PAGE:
The Falcons 10-6 season ended in suitable fashion: the team struggled offensively, gave up a long, painful touchdown drive on defense and repeatedly shot itself in the foot through penalties, drops and head-scratching play calls. Here are some other key takeaways from the 10th win of the season over the Panthers.
If the Falcons are going to have success in the post-season this year, the defense has to step up. The offense is clearly not the 2016 version and can’t carry the load by itself. The good news is that they appear to be capable of doing so. All three levels of the defense played well on the day. The defensive front pressured Cam Newton and mostly stymied their running game. Guys like Grady Jarrett and Takk McKinley were regulars in the backfield.
Deion Jones was a force of nature in this game as well, constantly in the right position and stopping running plays and short passes dead in their tracks. The entire secondary was outstanding as well, with Desmond Trufant and Robert Alford shutting down the Panthers receivers and Keanu Neal and Ricardo Allen adding interceptions to the mix. It was a very encouraging performance from a talented, but inconsistent unit.
It’s almost comical at this point, but the 2017 Falcons may be known for their penalties as much as anything. I don’t want to get into an argument over the quality of the penalty calls (especially the phantom defensive holding call against Poe), but this team cannot get out of it’s own way.
Let’s face it - the 2017 Falcons offense is not capable of overcoming penalties and drops like they did a year ago. That’s why the repeated penalties on special teams are so painful. The Falcons have the worst starting field position in the NFL, and much of that is due to penalties that cost them return yards with negative yards to boot.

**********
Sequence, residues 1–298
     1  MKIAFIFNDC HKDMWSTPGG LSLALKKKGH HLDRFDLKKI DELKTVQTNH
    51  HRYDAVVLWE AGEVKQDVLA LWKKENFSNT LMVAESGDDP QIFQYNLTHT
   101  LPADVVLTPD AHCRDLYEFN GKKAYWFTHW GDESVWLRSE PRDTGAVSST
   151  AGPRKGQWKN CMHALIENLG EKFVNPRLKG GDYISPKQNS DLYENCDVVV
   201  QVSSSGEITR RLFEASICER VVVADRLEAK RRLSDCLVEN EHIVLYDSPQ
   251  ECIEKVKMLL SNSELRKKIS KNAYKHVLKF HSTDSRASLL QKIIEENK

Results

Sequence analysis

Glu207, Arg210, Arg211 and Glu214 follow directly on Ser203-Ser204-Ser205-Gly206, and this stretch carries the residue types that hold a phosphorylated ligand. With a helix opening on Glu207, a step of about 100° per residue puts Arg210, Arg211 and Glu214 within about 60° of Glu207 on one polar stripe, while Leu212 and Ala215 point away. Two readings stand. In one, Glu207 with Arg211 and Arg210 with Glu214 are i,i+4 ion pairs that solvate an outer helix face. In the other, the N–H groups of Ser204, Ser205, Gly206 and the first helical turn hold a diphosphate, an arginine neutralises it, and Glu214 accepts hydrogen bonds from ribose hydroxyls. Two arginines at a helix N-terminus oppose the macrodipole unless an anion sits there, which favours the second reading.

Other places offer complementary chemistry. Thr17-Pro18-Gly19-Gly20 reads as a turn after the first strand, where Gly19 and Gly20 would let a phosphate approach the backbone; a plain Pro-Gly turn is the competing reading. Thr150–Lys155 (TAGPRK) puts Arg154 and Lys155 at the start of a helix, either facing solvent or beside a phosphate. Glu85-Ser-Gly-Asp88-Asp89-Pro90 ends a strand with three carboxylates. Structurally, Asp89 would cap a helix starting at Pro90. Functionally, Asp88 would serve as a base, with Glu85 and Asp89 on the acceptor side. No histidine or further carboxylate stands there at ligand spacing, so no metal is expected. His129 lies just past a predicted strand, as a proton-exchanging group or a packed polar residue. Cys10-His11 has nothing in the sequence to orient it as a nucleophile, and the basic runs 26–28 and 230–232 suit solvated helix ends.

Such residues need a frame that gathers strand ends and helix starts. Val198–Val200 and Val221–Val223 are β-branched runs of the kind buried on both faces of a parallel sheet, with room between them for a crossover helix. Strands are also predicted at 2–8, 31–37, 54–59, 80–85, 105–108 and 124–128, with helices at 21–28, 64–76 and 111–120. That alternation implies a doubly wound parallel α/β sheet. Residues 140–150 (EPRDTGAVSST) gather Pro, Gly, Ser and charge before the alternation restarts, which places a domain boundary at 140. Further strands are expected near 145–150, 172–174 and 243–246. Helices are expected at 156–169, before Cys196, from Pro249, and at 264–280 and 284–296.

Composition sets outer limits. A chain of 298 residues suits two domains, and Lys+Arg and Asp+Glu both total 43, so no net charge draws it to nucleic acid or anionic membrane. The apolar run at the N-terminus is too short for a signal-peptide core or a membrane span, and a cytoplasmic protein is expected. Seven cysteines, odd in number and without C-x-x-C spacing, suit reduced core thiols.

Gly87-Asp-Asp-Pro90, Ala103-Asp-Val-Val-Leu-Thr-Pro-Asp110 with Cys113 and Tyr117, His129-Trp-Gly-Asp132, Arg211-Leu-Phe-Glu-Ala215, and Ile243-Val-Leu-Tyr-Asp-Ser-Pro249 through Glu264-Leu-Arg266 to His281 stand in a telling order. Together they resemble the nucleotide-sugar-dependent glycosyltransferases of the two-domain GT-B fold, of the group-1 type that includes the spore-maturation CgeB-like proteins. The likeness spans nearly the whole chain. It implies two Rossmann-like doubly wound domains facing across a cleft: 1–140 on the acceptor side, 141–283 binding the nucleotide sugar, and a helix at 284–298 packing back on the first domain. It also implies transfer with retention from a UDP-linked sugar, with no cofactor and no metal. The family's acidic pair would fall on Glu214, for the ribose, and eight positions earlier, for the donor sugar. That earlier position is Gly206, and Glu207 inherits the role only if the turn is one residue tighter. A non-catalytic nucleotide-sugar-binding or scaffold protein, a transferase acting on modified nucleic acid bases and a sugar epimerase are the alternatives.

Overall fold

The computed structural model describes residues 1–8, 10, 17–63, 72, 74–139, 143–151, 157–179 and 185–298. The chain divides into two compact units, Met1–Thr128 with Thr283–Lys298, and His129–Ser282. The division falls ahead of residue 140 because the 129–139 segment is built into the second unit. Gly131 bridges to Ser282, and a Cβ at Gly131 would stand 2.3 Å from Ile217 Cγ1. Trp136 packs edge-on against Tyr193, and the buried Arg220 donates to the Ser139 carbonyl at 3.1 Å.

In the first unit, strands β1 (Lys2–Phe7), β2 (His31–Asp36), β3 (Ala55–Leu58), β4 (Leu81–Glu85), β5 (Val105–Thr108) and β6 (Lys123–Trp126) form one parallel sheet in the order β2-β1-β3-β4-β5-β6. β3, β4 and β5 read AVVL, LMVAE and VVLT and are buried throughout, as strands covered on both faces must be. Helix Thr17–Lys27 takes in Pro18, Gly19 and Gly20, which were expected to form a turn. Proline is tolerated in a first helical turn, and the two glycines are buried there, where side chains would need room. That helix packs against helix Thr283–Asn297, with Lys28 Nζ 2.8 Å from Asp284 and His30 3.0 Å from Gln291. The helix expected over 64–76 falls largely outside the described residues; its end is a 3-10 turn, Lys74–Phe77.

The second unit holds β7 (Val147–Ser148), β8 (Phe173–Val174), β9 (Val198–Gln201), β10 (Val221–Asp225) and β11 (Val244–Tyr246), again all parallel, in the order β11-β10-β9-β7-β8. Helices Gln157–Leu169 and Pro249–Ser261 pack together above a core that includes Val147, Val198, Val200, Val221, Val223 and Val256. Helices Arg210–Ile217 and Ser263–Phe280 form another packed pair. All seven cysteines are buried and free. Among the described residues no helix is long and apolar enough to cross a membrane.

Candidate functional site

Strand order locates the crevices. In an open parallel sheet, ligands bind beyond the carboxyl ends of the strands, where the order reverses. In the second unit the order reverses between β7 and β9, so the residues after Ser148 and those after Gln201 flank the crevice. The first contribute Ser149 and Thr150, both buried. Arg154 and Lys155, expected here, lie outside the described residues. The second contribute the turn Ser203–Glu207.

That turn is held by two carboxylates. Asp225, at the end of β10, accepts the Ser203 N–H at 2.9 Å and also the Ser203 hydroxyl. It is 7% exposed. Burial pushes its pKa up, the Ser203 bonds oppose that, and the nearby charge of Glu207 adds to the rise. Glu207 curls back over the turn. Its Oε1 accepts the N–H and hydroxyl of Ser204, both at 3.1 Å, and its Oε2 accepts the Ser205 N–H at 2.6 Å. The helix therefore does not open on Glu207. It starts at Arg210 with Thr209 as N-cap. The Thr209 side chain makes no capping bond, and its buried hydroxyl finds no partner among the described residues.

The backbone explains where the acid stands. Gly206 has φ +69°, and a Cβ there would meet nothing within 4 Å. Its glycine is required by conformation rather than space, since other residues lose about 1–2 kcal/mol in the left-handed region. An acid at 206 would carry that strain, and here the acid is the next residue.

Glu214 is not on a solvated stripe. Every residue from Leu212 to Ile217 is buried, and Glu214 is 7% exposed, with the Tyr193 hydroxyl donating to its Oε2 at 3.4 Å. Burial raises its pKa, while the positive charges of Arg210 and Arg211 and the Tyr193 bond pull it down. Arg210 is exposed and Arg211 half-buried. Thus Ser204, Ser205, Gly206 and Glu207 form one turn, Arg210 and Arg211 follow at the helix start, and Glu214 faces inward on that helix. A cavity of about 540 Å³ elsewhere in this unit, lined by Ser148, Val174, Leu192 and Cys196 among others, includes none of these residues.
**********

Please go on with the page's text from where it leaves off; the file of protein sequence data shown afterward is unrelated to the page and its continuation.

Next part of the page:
Additionally, the false starts coming from veteran players on the offensive line are simply unacceptable. Going from third and one to third and six completely alters what options are available to you and gives the defense - particularly good defenses like the Panthers have - an edge in figuring out what you’re going to do.
The penalties have to get under control or this team could be one and done in the playoffs this year.
The drops have to stop, right?
The Falcons led the league in 2016 with the fewest drops in the NFL. With the exact same personnel in 2017 they are now the worst. That is an extreme variance with very little turn-over in terms of the players on the field. It’s one of the most mind-baffling aspects of this 2017 team. This trend also has to slow down in the playoffs, particularly from key guys like Julio Jones and Mohamed Sanu, who have both been repeat offenders in this regard.
What are your takeaways from the game?